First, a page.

Updated: Oct 11, 2018
I was working at a wonderful job, finishing my counseling internship and working on my book “Make it to Midnight.” During this time, I was also training for the Savage Race. The Savage Race is a 7 mile running race punctuated with 25 “Ninja Warrior” style obstacles. This was quite a daunting task to undertake for a 46-year-old man in “decent” shape. At this time, I had been running quite a bit and was able to run 1 mile in just under 9 minutes. Not too shabby I thought.
I competed in the race and while I did not set any records or win any awards, I was able to conquer 23 of the 25 obstacles and finish with my head held high and I earned the free beer at the end of the race and the shirt that said “Finisher.” On that day I was in the best shape of my life. For me that was the pinnacle of my achievement.
I had major reconstructive surgery on my throat and sinuses to correct a sleep apnea issue. The very gifted surgeon removed my tonsils, adenoids, uvula and other parts I evidently did not need. He completely reconstructed my sinus cavity and removed some extraneous material from my nose. He took cartilage from my ear and constructed a “breathe right” strip and surgically implanted it across the bridge of my nose.
After having my surgery, I was getting more than double the oxygen I had been getting before. I stepped on the treadmill and easily ran 1 mile in under 8 minutes. At the end of the 8 minutes I was not exhausted like I usually had been, I had plenty of gas in the tank so I ran another mile…then another. My whole life I thought I was weak and a loser because I could not keep up with many of the other kids in sports. I could play sports and run but I never excelled at them. It was not because I was weak, it turns out that it was because I could not breathe! I was eagerly anticipating the next year’s race.
This is how many people treat anxiety and depression. We are built how we are built. I was built with obstructions on my throat and sinuses. I was also built with a predisposition to anxiety and depression. We may have a predisposition to depression or anxiety like I had a predisposition to become tired easily due to lack of oxygen. That does not mean we are weak, that means that there are things we cannot do.
Prior to the surgery it was pointless for me to set the treadmill for an 8-minute mile because I could not achieve that. Just like it was pointless for me to accept a job that would exacerbate my anxiety. I was not weak, I just knew my limitations and trying to “force myself” to exceed those would be abusive to myself.
I was training for the next Savage Race with a lot of excitement. I was going to easily beat my time from the previous year because I could finally breathe as well as, if not better than anyone else in the race. I was stoked! Then, on September 16 I was in a car accident. I received a concussion, 2 herniated disks and a detached retina. I was beyond bummed. I was unable to work out or run or lift weights. As one would imagine I quickly went from being in shape to developing a round shape.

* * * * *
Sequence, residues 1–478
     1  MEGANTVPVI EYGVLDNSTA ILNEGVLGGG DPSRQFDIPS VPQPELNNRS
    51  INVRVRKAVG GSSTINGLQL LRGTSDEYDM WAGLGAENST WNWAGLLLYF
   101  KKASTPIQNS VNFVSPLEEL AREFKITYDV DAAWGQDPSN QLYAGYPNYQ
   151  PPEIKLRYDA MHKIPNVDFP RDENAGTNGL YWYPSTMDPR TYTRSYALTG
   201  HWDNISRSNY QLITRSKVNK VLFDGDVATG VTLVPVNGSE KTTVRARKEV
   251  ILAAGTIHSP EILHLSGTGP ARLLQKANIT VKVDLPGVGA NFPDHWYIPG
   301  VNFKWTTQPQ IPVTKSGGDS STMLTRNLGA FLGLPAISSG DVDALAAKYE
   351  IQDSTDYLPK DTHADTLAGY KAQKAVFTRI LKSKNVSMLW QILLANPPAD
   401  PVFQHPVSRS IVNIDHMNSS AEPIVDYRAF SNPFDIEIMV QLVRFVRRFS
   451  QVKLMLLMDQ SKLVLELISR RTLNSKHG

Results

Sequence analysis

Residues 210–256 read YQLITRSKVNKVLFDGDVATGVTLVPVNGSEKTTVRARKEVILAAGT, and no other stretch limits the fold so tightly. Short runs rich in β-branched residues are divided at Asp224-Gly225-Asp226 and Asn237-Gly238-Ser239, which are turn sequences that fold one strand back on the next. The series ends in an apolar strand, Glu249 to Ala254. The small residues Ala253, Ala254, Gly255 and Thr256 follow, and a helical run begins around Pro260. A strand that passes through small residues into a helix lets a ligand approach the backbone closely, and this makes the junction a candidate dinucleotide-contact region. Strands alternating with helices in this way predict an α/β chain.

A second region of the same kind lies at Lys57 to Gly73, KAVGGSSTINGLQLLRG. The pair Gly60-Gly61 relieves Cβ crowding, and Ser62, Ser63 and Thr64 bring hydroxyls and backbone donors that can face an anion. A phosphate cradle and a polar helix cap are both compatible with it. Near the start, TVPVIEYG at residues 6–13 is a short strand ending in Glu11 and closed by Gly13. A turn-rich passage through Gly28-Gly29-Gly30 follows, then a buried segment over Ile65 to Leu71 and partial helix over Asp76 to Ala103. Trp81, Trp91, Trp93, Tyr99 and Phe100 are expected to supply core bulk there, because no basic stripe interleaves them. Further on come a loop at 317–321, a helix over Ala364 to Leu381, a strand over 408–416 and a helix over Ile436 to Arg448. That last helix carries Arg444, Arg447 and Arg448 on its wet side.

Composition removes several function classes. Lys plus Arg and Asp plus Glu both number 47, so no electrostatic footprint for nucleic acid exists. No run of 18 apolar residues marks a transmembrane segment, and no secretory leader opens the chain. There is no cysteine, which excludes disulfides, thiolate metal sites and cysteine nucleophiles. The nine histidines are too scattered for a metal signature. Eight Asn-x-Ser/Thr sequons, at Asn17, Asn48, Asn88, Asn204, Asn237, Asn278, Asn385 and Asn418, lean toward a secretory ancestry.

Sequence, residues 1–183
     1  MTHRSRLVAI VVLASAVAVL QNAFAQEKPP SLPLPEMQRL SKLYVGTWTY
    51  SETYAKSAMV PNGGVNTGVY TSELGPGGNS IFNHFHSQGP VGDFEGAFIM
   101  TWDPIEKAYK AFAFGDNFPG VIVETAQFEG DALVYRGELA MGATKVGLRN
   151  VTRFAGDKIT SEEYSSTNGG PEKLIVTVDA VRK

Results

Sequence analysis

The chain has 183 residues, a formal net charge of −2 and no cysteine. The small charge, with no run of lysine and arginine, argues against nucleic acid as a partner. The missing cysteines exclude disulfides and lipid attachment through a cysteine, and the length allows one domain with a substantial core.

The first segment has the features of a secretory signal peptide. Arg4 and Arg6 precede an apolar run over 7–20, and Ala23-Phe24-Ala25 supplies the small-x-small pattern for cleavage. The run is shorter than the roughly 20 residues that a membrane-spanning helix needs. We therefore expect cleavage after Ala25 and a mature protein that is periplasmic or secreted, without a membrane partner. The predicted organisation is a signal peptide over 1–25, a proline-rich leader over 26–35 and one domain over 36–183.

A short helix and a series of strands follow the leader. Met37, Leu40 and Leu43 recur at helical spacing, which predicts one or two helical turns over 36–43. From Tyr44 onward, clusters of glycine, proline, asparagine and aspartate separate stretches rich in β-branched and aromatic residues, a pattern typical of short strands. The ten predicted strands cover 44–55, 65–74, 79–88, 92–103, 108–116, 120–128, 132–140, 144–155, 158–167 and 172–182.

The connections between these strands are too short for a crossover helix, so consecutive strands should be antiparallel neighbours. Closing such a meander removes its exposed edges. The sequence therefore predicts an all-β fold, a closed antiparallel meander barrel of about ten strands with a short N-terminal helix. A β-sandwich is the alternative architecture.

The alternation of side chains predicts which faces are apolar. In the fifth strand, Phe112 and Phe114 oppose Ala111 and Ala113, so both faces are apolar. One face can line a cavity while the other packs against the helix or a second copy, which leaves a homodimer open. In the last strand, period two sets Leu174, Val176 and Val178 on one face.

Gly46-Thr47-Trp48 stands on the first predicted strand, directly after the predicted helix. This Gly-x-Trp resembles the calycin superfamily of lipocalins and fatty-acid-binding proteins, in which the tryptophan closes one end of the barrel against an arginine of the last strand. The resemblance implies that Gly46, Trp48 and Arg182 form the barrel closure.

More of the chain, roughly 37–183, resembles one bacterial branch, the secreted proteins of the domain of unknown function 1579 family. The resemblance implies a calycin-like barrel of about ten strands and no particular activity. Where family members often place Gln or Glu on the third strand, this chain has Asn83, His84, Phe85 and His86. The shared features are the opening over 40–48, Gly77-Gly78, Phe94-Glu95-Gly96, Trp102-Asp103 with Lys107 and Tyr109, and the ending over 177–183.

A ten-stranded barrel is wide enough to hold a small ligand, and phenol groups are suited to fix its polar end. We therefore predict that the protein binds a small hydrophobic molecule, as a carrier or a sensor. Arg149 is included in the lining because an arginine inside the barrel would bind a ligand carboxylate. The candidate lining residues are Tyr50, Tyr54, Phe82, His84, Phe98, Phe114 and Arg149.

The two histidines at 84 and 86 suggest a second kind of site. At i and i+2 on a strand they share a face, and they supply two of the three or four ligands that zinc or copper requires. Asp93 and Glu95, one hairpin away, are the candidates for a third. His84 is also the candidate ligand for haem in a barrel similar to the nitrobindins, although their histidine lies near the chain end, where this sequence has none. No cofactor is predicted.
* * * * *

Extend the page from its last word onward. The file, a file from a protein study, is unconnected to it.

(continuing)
Here I had two choices, accept that I was unable to work out and participate in the race or try to force myself and by extension abuse myself and try to enter the race with a herniated disk and a detached retina. If that sounds silly to you, then ask yourself how many times you were exhausted yourself but kept pushing through? I did it for years to my own peril. I do realize that quitting is not an option for most people, but maybe dialing down the speed of the treadmill is.
I was finally able to get on a treadmill again. I clocked a 12-minute mile and I was not entirely proud of that but I had a goal to get back to 8 minutes. After having not been on a treadmill in 9 months I knew there was no point in setting the treadmill to 8 minutes because I would have failed. This is the point of this long diatribe. The first step for me to becoming free of anxiety and depression is realizing that my decision in the morning have ramifications in the evening. If I accept a job that will put too much stress on me then I should not be surprised when I end up in a psychiatrist’s office. If I were to surround myself with people who either are drama or attract drama, I should not be surprised if they take more than they give. If in my desire to help others, I take on too many tasks and end up at the crossroads of taking care of me and disappointing my friends I have no one but myself to blame.
I know for me I can set the treadmill at 3.5 mph and walk indefinitely. I can set the treadmill at 6.0 mph and run 2 miles or I can set the treadmill for 7.5 and run an 8-minute mile…but at the end of that mile I have nothing left. What life decisions are you making that are speeding up your treadmill and exhausting you? What people are around you that you are carrying while you run? Would they carry you if the roles were reversed?
October 2, 2018
I was able to get my mile under 9 minutes. Tonight I have 2 choices, I can either be disappointed that I was unable to achieve my previous goal of an 8-minute mile or I can be ecstatic that after the wreck I am able to run, after the surgery I am able to breathe, and after some hard work I have brought my mile down from 12 minutes to under 9. I think I’m going to go with the latter and enjoy a beer to my success.